‘Why don’t you turn of your TV set and go and do something less boring instead?’, asked the ‘Why Don’t You’ theme tune in my youth.
Sage advice to today’s toddlers. Sadly, though, there’s no way you’d ever get them to sit through a re-run of that beige try-hard show from the early 80s to hear it. Not this lot! The ‘on demand’ short attention span instant gratification generation – as I catchily refer to them – don’t know how lucky the are.
They’re not up at 6am, having to sit through rolling Teletext until it’s finally time for the early Sandi Toksvig and Neil Buchanan vehicle ‘No. 73’ to come on. Oh no! They’re happily binge-watching whatever they fancy, whenever they want to, from the age of about 6 months old. They will NEVER know a TV schedule. Never mind going through the festive Radio Times with a highlighter pen.
My 4 year old daughter freaks out if she has to sit through an ad break: “WHAT is THIS Daddy?! I don’t want THIS! Fast forward it!” The only advertising she has to endure are the unskippable YouTube ads before one of the bizarre adults-making-princess-accessories-with-Play-Doh videos she somehow manages to find. (Safe search on, fret ye not).
I’m jealous of them, having every kids show ever made at their finger tips. But, the question is, will all of the play ground be talking about a big TV show during the day at school, like they used to? There’ll be no shared viewing experience with everyone off doing their own thing – that classic QED about the kid with Tourette’s would pass them all by. And most parents will know ‘On Demand TV’ can make them pretty demanding once the device goes off.
The good news, though, is that kid’s TV these days is still as out there and trippy as it was in the 70s and 80s. Upholding the proud British tradition of churning out mad shit for kids to watch that’s been dreamt up by adults who were clearly off their faces.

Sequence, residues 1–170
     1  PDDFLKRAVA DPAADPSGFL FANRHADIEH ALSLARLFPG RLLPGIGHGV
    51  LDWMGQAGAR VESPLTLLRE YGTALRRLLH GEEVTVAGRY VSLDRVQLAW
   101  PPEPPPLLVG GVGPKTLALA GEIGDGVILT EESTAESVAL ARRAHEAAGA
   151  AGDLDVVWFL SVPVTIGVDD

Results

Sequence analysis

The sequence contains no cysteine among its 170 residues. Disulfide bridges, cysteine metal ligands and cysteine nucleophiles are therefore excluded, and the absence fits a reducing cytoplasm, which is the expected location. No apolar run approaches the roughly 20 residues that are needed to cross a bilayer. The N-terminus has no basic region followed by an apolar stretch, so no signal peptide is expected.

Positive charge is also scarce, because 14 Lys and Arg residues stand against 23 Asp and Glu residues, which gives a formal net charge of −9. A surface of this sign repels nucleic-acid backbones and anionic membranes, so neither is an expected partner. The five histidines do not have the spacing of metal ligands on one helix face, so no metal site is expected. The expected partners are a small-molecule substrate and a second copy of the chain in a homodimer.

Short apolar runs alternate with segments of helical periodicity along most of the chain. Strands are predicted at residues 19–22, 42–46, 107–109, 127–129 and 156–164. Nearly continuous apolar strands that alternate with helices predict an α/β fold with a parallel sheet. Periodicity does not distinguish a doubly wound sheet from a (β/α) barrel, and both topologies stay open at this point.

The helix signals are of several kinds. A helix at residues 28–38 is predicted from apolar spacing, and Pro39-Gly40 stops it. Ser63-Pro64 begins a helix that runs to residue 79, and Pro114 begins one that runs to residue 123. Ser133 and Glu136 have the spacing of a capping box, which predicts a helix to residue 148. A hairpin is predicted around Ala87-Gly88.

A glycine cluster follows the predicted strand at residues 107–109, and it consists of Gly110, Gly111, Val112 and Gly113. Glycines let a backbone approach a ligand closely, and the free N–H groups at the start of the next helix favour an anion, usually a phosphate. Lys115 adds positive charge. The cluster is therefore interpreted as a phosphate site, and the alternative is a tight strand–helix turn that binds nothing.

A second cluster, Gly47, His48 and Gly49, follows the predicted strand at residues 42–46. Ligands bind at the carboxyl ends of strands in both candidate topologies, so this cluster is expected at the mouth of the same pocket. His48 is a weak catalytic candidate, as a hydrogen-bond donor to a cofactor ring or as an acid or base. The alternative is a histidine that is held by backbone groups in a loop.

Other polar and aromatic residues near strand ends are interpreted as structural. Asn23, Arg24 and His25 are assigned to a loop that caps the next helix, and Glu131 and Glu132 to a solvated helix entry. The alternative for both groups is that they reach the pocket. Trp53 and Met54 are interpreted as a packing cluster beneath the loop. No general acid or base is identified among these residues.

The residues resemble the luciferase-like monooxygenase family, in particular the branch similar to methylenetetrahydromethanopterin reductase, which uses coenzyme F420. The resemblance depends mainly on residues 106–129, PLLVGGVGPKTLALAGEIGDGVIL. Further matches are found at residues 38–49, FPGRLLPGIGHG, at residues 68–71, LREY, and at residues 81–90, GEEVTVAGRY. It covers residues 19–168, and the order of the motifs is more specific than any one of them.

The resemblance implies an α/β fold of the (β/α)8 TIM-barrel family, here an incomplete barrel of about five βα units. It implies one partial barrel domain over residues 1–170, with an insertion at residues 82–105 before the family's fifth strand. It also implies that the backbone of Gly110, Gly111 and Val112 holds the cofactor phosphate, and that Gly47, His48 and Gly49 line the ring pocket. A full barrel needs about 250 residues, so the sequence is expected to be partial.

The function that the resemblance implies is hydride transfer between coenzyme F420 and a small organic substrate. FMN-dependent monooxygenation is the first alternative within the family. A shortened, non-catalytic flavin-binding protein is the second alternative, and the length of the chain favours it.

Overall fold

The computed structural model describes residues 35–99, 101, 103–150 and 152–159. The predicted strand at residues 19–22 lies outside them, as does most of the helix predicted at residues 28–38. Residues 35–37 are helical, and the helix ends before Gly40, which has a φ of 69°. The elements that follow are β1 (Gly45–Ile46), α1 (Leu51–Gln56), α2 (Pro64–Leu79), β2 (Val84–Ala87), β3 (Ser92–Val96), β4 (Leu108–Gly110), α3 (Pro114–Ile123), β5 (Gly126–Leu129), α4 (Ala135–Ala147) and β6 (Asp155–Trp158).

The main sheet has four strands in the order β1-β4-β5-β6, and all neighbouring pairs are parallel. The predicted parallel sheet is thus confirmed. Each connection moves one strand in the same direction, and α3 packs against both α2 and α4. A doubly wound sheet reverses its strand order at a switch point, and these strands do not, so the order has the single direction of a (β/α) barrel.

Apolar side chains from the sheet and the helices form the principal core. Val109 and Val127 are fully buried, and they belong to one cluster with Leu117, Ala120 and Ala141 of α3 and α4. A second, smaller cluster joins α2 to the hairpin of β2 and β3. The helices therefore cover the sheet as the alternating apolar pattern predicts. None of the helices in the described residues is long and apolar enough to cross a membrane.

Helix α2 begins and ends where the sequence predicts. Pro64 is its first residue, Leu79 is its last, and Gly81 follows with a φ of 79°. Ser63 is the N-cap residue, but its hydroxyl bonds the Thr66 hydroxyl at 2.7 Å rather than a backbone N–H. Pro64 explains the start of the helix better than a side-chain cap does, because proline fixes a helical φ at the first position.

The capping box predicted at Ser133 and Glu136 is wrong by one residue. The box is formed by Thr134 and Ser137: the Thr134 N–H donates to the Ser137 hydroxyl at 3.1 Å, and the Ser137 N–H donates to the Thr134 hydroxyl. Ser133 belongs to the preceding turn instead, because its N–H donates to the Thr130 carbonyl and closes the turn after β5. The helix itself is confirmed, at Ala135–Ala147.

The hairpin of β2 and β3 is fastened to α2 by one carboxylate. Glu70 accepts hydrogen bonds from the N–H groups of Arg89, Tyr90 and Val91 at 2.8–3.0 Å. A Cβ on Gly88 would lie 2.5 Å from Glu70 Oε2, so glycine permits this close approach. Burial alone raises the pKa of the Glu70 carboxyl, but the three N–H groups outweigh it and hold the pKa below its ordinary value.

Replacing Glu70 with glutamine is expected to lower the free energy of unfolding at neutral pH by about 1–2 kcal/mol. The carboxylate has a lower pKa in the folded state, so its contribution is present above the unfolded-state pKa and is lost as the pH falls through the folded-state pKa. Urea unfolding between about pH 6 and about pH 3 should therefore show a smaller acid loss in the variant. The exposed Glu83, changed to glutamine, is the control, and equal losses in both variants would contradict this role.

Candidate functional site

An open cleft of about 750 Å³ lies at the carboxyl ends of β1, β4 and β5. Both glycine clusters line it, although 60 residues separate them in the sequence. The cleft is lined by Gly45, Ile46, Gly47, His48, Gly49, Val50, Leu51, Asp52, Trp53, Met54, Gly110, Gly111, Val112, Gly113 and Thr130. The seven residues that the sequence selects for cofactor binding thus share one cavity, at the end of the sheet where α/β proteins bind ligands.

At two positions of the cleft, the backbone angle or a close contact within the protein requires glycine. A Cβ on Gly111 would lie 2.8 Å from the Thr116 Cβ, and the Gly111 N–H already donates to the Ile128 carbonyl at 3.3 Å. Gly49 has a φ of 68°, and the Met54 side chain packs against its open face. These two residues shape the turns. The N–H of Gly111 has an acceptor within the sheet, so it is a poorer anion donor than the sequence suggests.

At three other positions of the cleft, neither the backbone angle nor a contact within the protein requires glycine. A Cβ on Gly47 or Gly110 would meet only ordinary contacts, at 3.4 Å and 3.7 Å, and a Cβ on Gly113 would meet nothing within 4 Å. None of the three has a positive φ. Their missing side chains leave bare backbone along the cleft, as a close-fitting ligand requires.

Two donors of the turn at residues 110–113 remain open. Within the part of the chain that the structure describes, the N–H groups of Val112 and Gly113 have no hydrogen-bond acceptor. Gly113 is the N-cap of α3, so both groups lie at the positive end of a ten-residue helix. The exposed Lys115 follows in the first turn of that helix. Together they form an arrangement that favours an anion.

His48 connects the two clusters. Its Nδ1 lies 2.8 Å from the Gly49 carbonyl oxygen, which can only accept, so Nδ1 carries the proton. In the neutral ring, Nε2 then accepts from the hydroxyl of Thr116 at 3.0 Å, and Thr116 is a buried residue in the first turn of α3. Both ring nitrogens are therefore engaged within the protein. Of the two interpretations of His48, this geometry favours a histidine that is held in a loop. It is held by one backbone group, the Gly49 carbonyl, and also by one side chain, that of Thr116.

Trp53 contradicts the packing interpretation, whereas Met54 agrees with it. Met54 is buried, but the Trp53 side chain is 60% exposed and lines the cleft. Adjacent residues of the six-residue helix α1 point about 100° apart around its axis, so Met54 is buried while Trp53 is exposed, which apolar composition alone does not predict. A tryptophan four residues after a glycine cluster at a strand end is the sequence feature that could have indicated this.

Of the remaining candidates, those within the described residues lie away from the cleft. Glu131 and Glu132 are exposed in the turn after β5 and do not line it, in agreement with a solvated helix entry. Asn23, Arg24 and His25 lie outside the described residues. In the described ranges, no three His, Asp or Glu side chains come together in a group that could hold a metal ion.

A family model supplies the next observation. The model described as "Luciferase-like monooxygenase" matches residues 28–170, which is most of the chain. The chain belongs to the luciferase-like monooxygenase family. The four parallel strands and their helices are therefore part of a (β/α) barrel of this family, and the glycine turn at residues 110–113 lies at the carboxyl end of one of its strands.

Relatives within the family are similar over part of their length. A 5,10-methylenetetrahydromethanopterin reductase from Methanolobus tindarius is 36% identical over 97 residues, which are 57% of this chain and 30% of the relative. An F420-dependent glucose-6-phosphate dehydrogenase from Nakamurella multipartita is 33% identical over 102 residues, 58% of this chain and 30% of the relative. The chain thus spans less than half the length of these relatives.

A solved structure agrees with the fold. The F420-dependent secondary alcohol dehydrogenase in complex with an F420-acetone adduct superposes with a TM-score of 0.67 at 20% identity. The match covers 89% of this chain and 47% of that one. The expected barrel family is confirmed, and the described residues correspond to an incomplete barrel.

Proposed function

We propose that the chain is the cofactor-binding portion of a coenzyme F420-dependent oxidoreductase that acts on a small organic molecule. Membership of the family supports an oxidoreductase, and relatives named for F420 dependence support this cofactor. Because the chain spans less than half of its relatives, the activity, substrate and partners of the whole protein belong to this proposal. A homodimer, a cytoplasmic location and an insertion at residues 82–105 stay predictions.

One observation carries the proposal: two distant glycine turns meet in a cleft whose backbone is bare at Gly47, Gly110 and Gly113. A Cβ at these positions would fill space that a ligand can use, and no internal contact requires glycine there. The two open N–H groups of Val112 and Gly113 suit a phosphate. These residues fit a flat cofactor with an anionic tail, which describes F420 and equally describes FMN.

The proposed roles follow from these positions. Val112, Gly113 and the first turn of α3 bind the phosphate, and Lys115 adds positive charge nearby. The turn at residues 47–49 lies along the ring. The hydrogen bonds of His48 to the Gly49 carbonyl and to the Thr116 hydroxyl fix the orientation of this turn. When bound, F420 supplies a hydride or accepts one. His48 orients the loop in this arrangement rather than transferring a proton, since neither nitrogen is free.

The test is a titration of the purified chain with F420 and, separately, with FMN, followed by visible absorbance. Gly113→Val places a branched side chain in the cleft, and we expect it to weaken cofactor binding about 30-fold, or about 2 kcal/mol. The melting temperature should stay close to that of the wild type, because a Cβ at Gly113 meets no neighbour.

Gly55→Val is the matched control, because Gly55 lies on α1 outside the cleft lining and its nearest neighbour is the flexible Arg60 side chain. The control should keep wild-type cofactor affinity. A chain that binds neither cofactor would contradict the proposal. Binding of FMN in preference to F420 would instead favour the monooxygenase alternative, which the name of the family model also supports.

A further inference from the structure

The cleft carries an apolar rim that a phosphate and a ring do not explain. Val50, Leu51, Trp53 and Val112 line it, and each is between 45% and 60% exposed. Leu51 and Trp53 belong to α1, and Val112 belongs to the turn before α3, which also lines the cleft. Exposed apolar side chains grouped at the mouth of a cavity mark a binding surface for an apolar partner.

Which brings me to… Bing.
WHAT in the name of heck is supposed to be going on here? WHY is an orange dungaree-clad rabbit being looked after by a little knitted ant toy, who sounds like a kindly old granddad? Who comes up with this madness?
Also, it turns out that the voice of the knitted ant toy (Flop) is an Oscar winning actor.
Mark Rylance picked up a Best Supporting Actor Academy Award for his role in Bridge of Spies. I doubt he thanked the producers of Bing at any point in his acceptance speech.
As you may’ve guessed, I’m not a massive fan of Bing. Primarily, because the episodes are FAR too short. They don’t keep a two year old entertained for longer than 5 minutes! How can I catch up on a recording of Match of The Day when I keep having to go back to the tablet to find another episode every 5 minutes?!
And I really don’t understand what on earth is going on. To me, it’s just a high pitched moaning little rabbit, with some other animal friends – like an elephant or a panda – going down to the park or playing at home and then getting involved in some kind of minor scrape. Which is then recapped at the end of the episode by said moany rabbit.
It’s a bit like when Mork used to feed back to his alien family in Orson at the end of Mork and Mindy, telling them each episode what he’s learned about life on earth.
Each animal also has their own strange little teddy bear helper with an adult’s voice, which appears to be their parent or guardian. But the relationship is NEVER explained! Where are the parents? Flop is smaller than Bing and yet is clearly the wiser more mature adult. The pair remind me a little bit of Little and Large (another dated 80s reference, really showing my age here). Am I overthinking this? I think not.
On a positive note: The dialogue is very realistic. It’s convincing Toddler Talk. And sometimes it’s so natural, it almost sounds improvised. Which is not particularly great for kids to pick up the odd word from, though, with Bing dropping things like ‘putted’ and ‘braked it’.
This rabbit – named after the second most popular search engine in the world (google it!) – is also teaching our youth to be very fussy and demanding. He’s often seen complaining about his food being ‘too mixed up’. JUST EAT IT, rabbit! And stop your moaning!
Maybe I’m being too harsh; it does have positive non-judgmental messages in each episode. And pre-school kids seem to love it. But, at just 5 minutes long, make sure you download a LOT of episodes for any big car journey.
So… To recap, just like Bing does at the end of each show; Bing is just a bit of an annoying little shit. And it’s a bit too worthy, a bit too short, and it’s got a weird knitted toy ANT as a carer.
It’s a Bing thing.
About Matt Dyson
Bon viveur, Nandos afficionado, Radio Presenter and Journalist. Dad to two girls: Bess and Margot. Will fall asleep at any opportunity.
Image credit: Alison McGarragh-Murphy